And here lies Here’s real problem: these words, these very lyrics that betray a complete misunderstanding, if not the lack of requisite knowledge, of Imelda’s place in Philippine history, our country’s history itself, and how everything (history, social conditions, etc.) helps to define, or ruin, a person’s psychology. Here is the foreign eye, the outsider’s point of view that seeks to present itself as rationalized and, precisely by virtue of distance is at times uncritically presumed to be autonomous and objective, which only wants to tell the story allegedly as it is: a liberal humanist account of another tragic and damned personality that universalizes that undying trope: man’s desire for love. Here then is human nature abstracted through a pastiche of Imelda quotes from books, PA accounts, and the rumor mill. That the whole Imelda experience—her triumphs and travails—is no different, or could never be different from the rest of us, laboring professionals, below minimum wage contract workers, domestics and househelps like Cumpas, even ordinary, say, working class Americans who likes watching the NBA and reality TV as Byrne depicts in “American Troglodytes”, a song/political statement that looks miserably misplaced in Here.

Which is not exactly surprising, given that class reconciliation has always been the fantasy of liberal multicultural minds—to draw, in Here’s case, to compose, the improbable, as it has always been, through art. (Madonna’s “Music” immediately comes to mind here: “Music mix the bourgeoisie and the rebel”.) But then, there really isn’t any grand expectation here that Byrne’s sizing up of historical reality will arrive as cleverly as possible (and judging from the gang that gathered to assist him in his “field research” when he went to Manila a few years back, a section of the cultural bureau of the alta de sosyedad, there absolutely can’t be/it would be madness to even assume such an expectation), given that every perception of reality is a form of madness itself. Byrne’s contained version of Imelda history is nothing but a structured lie in the same way that Cumpas’ alleged story is a probable lie too, one that has been designed to draw sympathy to the wife of a former dictator. In an interview as regards the song “Pretty Face”, Byrne thinks that underneath the Imelda façade probably lies a truly good-natured person, a human being responsible for a thousand miles of concrete / schools and dams and parks / two thousand day care centers / and a center for the arts.

What Byrne does not recognize here is the political imperative behind this allegedly innocent act of altruism (as if in this country, the president builds green footbridges all over the metro because she truly “cares” or that local councilors build basketball courts and waiting sheds because they’re just being generous). He may of course say that in his songs it is Imelda speaking, not him, so it would be completely unfair to make a judgment against him for something he did not actually say. Ah, the problem of voice in the writing of fiction and history: how do we draw that line between the speaking voice and the authorial voice, how do we assess what the truth is if we are unable to even discern the truth behind who the articulator of the professed truth is—a dilemma further complicated by the fact that not even the real Imelda herself could attest to the truth or falsity of Byrne’s psychoanalytic picture of her, given that whatever she is likely to say is based on an imagined, if not neurotic, projection of herself and simply because Imelda, former partner of the world’s second most corrupt leader ever according to Transparency International but who has unfortunately managed to breeze through all her legal cases thanks in large part to bureaucratic stupidity and corruption itself, can’t be trusted.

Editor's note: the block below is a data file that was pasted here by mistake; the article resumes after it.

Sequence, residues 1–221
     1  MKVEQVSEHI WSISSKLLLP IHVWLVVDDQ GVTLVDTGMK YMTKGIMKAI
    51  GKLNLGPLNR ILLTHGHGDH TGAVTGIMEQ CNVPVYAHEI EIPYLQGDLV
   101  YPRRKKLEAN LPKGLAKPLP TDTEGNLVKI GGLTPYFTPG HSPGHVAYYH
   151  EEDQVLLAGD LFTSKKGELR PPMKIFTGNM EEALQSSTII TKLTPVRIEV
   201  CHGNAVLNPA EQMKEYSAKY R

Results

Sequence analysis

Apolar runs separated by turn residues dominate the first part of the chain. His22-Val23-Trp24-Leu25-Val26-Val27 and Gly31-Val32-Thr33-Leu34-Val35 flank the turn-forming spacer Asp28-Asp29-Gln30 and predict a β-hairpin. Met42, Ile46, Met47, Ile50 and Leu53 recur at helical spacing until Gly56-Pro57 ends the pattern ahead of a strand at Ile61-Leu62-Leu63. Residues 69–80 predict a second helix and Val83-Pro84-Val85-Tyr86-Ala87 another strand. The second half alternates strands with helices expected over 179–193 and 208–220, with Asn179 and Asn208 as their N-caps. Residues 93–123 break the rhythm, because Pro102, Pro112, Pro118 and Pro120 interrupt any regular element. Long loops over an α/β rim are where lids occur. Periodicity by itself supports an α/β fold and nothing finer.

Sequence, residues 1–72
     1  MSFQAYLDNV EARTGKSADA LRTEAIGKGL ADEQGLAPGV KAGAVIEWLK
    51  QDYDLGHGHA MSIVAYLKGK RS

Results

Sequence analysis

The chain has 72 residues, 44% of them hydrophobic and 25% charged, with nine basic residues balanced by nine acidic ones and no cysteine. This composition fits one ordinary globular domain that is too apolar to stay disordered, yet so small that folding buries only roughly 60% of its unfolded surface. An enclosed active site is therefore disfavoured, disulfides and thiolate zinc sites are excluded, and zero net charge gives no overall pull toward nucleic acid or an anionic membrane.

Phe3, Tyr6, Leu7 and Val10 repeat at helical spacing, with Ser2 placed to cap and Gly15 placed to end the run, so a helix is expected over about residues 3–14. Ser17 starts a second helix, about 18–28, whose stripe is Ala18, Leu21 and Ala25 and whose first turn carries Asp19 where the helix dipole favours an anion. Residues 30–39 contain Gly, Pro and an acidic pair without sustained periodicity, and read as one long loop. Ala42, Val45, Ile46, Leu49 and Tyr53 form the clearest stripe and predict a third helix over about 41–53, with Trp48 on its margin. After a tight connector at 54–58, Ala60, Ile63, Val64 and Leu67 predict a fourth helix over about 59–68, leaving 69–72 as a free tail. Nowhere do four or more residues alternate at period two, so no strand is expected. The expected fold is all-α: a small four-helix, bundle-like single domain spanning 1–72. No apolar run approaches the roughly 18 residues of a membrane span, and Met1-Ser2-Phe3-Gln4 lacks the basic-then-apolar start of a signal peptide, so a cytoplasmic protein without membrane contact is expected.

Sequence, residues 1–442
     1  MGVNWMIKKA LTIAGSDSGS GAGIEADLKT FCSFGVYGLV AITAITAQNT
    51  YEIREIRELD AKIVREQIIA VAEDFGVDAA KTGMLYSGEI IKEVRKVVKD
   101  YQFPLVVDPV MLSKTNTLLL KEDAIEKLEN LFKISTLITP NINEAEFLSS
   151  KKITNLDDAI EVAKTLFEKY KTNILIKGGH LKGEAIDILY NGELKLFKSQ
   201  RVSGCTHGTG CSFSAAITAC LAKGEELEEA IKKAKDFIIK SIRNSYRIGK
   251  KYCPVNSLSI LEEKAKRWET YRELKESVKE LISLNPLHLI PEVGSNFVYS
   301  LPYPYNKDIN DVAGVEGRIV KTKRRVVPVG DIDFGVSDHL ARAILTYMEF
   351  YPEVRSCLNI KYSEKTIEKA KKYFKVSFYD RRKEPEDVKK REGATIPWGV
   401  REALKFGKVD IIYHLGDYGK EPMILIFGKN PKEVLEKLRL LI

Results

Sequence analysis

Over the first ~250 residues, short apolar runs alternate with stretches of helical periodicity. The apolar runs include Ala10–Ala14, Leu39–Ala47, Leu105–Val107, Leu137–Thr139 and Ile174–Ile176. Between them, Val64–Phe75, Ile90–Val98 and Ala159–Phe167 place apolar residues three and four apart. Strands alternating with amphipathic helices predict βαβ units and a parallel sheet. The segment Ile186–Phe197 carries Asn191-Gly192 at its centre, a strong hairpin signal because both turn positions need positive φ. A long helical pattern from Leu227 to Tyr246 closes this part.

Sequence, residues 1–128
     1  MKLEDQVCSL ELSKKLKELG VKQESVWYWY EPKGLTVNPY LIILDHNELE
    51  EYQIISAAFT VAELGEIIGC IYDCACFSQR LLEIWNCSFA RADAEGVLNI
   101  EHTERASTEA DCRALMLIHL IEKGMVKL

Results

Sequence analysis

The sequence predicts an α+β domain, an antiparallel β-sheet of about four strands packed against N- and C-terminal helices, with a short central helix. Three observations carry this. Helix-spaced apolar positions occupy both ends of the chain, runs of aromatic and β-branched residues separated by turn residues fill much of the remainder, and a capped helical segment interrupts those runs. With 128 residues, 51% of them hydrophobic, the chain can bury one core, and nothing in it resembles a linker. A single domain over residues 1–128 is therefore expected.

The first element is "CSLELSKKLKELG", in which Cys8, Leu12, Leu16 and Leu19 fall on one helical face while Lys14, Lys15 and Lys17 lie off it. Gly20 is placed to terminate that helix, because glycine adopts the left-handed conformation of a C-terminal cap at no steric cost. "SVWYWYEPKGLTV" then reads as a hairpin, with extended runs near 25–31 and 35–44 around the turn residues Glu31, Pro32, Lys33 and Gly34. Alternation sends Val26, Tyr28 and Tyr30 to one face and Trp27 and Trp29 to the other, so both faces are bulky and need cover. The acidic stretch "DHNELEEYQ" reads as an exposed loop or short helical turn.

However, before it becomes necessary to throw evidentiary truths before a court of law to ascertain the accuracy of Byrne’s portrayal of Imelda in, (goodness!) of all things, a disco opera (as if this very gambit is evidently necessary; historical accuracy of Imelda’s psychology being the least concern of this discourse), what Byrne chooses to omit or gloss over in his reworking of the Imelda narrative, its gaps and silences, reveals a lot more than what he has actually written. His deliberate attempt to depoliticize this patently political piece of story and to focus instead on the “personal” (as if the personal is always never political) is exactly the expected recourse of the liberal-minded artist: to inhabit a privileged neutral position in order to protect his artistic interpretation/work from getting dragged into exactly this sort of discussion. Like, what the fuck, it’s all just music man. As Rolling Stones says, let’s “just surrender to the inexorable beats” of Byrne’s latest opus.

Only if it could be that easy. For in the end, Here is nothing but a joyous celebration of humanity’s humanity, or the humanizing of the elite, via the veneration of a life of a state-made and state-sponsored celebrity responsible for plundering a nation and depriving the humanity of millions of Filipinos. Shall we just surrender to the music? Can’t we forget about the politics and just dance to it? By what standards do we measure good and bad music anyway? One singer reportedly refused participation in this project. For most Filipinos who have not really heard of David Byrne, such act of rebellion may not be a problem. But then most Filipinos no longer even care about what Imelda or the Marcoses did in the past judging by how successfully they have reinstated themselves in our society today. Imelda in high heels is still wildly swinging the nights and days away.

– Oliver Ortega